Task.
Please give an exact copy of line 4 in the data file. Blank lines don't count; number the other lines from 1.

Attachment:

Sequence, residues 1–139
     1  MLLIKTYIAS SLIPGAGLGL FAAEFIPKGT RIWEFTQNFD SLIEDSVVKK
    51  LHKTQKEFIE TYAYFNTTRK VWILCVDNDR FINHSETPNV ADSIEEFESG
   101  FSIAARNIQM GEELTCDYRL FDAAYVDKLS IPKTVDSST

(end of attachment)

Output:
   101  FSIAARNIQM GEELTCDYRL FDAAYVDKLS IPKTVDSST